AB-836 Arctic Mycology (10 ECTS)

Apply here

ID:
AB-836
CREDITS:
10 ECTS
START DATE:
July 2018
END DATE:
August 2018
COURSE PERIOD:
Autumn semester (July–August), annually. The course is cancelled in 2017.
LANGUAGE OF INSTRUCTION AND EXAMINATION:
English
CREDIT REDUCTION/OVERLAP:
10 ECTS with AB-336
GRADE:
Letter grade (A through F)
COURSE MATERIAL:
Primary scientific literature: 300–350 pages
COURSE COSTS:
Fieldwork, NOK 600 (3 days x NOK 200 per overnight stay)
COURSE CAPACITY MIN/MAX:
9/18 students (AB-336/836 in total)
EXAMINATION SUPPORT MATERIAL:
Bilingual dictionary between English and mother tongue
APPLICATION DEADLINE:
15 April 2018

INSTRUCTORS:

Kevin Newsham
Kevin Newsham
Adjunct Associate Professor, Arctic Terrestrial Ecology – Mycology

Course requirements:

Enrolment in a relevant PhD programme.

Academic content:

Fungi are one of the most species-rich groups of organisms in the Arctic, and have significant impact on Arctic ecosystem processes. However, knowledge of Arctic fungi is still scarce, making Arctic mycology an exciting topic. Through lectures, exercises and fieldwork, the course will cover topics such as:
1) Arctic fungal diversity, including taxonomic identification through field recognition, classical microscopy and recent molecular technology, 2) Arctic fungal ecology, including how mycorrhizal, saprotrophic and pathogenic fungi drive nutrient and energy cycling in the Arctic, 3) fungal physiology and 4) mutualistic relationships, such as the lichen symbiosis.

Learning outcomes:

Knowledge
Upon completing the course, the students will:
Have insight into the diversity, function, and ecology of Arctic fungi, and various fungal symbioses and their importance in the Arctic ecosystem. Know and be able to explain current mycological methods and research questions.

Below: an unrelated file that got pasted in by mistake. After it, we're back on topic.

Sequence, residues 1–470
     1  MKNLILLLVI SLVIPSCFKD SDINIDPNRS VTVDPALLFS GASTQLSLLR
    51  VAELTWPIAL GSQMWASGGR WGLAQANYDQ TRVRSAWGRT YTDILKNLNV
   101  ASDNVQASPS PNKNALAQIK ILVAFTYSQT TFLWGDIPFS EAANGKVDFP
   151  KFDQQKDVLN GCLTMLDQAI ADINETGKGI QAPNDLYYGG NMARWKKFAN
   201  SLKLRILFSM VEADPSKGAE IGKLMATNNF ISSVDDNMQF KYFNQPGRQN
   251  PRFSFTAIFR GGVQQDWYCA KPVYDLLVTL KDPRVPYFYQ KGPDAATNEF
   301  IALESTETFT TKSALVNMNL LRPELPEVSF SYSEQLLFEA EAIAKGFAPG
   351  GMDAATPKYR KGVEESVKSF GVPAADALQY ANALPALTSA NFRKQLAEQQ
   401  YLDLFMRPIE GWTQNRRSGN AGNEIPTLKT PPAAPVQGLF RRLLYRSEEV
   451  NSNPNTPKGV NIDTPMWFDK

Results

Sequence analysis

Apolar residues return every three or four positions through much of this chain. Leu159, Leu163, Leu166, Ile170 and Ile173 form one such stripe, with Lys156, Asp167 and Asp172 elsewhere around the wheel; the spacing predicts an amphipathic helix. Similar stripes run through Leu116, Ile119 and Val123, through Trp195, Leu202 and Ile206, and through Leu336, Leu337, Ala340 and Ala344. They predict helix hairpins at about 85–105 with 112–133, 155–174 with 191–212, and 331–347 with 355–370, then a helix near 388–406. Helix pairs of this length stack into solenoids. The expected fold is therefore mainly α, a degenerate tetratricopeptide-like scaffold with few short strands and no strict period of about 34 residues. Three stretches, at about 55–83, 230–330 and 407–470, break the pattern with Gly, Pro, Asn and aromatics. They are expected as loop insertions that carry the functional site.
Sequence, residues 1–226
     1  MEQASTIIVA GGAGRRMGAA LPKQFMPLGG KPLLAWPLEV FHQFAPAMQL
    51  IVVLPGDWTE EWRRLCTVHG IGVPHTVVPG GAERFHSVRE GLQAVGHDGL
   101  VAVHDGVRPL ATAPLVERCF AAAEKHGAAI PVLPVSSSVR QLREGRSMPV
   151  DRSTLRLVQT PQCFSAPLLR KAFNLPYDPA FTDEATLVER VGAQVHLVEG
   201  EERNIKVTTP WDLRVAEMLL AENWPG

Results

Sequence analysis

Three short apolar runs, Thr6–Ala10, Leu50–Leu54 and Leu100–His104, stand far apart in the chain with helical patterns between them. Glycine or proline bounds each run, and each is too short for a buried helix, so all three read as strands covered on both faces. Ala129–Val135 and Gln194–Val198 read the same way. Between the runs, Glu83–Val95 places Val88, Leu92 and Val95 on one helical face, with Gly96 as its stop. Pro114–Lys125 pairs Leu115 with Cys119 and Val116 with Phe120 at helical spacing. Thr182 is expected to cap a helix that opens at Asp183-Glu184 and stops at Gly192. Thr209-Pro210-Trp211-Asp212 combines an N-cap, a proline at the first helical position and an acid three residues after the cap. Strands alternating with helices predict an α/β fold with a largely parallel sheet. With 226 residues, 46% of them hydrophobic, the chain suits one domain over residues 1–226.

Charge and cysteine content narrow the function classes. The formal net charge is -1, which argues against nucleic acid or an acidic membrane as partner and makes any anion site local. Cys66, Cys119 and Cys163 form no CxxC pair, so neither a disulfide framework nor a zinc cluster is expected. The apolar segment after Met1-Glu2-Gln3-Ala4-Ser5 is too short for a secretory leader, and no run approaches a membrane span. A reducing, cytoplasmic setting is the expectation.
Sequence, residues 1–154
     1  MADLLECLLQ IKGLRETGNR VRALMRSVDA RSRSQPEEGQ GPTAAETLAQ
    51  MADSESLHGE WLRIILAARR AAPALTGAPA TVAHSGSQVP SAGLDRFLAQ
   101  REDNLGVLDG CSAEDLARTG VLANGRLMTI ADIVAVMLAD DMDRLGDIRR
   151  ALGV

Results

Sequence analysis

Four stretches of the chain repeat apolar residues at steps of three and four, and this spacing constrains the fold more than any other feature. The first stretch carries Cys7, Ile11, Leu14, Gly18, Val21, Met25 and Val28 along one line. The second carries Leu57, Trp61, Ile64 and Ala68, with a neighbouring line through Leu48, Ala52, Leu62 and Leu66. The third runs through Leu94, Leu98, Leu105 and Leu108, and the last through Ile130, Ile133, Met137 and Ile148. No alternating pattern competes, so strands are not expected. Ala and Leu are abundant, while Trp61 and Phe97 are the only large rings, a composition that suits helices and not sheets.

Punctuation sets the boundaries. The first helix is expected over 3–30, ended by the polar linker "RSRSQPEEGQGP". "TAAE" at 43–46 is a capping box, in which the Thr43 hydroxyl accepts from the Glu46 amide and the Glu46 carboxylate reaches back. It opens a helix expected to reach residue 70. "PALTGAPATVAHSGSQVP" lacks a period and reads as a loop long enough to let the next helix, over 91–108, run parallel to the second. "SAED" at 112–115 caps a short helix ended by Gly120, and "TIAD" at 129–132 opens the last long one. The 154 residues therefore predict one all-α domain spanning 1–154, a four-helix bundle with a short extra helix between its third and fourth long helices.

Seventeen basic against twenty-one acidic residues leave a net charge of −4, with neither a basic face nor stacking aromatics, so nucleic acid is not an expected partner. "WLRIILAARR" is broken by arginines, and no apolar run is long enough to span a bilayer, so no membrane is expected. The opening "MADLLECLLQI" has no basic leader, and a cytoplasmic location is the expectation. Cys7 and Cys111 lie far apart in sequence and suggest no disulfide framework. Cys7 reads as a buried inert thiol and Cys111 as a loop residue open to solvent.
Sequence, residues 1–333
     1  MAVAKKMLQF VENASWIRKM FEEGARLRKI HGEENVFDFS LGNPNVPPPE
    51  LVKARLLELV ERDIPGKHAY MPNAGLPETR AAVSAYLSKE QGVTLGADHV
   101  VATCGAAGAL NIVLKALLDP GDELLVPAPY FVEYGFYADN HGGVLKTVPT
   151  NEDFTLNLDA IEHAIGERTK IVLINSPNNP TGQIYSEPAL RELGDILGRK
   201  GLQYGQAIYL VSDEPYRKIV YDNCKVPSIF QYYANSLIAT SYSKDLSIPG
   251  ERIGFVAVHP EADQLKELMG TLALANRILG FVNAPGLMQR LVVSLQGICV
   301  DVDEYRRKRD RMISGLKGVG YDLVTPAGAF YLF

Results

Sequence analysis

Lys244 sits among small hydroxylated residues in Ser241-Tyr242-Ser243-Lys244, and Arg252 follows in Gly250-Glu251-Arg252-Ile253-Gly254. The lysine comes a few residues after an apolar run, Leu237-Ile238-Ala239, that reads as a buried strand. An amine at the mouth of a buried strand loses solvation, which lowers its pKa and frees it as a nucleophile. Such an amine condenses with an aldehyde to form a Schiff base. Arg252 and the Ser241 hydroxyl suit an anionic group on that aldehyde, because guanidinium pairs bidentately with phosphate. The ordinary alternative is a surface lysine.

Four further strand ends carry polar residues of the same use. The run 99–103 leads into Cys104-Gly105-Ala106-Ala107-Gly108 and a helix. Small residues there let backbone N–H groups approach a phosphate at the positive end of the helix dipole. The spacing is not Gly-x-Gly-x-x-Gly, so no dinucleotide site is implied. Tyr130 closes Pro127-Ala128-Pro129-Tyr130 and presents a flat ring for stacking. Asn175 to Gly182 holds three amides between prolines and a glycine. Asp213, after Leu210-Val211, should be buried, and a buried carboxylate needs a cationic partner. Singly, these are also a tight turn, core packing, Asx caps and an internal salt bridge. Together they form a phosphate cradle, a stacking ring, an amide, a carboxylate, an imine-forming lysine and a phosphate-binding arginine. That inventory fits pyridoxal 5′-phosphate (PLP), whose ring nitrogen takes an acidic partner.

Skills
Upon completing the course, the students will:
Be able to identify fungi both in the laboratory and in the field. Have skills in study design, data analysis and technical report writing.

General competences
Upon completing the course, the students will:
Have gained competence in problem solving related to Arctic mycology research, in the field, in the lab and at a theoretical level. Have competence in both creative and critical thinking in relation to the development of research projects, methodology, and evaluation of one’s own and published data.

Learning activities:

The course extends over 4 weeks including compulsory safety training, and is run in combination with AB-336.

Learning activities includes lectures, seminars, laboratory work, day trips and excursions involving overnight stays. Within the context of a “hands-on” project, students will be trained in study design, data evaluation and technical report writing. Each PhD student must prepare and present scientific papers for discussion during seminar sessions.

Total lecture hours: 20 hours.
Exercises/seminars: 8 hours.
Laboratory work: 8–10 days.
Excursions: 3–4 days.

Compulsory learning activities:

Excursions, laboratory work. Preparation and presentation of scientific papers.
All compulsory learning activities must be approved in order to sit the exam.

Assessment:

Method Duration
Percentage of final grade
 Written report 70%
 Oral exam 30%

All assessments must be passed in order to pass the course.
Only the final grade will be reported, based on an average of the grades from the examination parts.

Application deadline: 15 April 2018

 

Persons looking at two polar bears, Isfjord Radio/Kapp Linné, Svalbard. Photo: Kevin Newsham

Keeping watch over a family of polar bears at Isfjord Radio, Kapp Linné in 2014. Photo: Kevin Newsham

Persons in Colesdalen, Svalbard. Photo: Kevin Newsham

The Arctic Mycology course in Colesdalen in 2015. Photo: Kevin Newsham

CONTACT INFO

The University Centre in Svalbard
Telephone: +47 79 02 33 00
Fax: +47 79 02 33 01
E-mail: post@unis.no / webmaster@unis.no
Address: P.O. Box 156 N-9171 Longyearbyen
Org. no. 985 204 454

Sitemap

UNIS logo

Slogan

Research-based education of the next generation of Arctic experts

TOP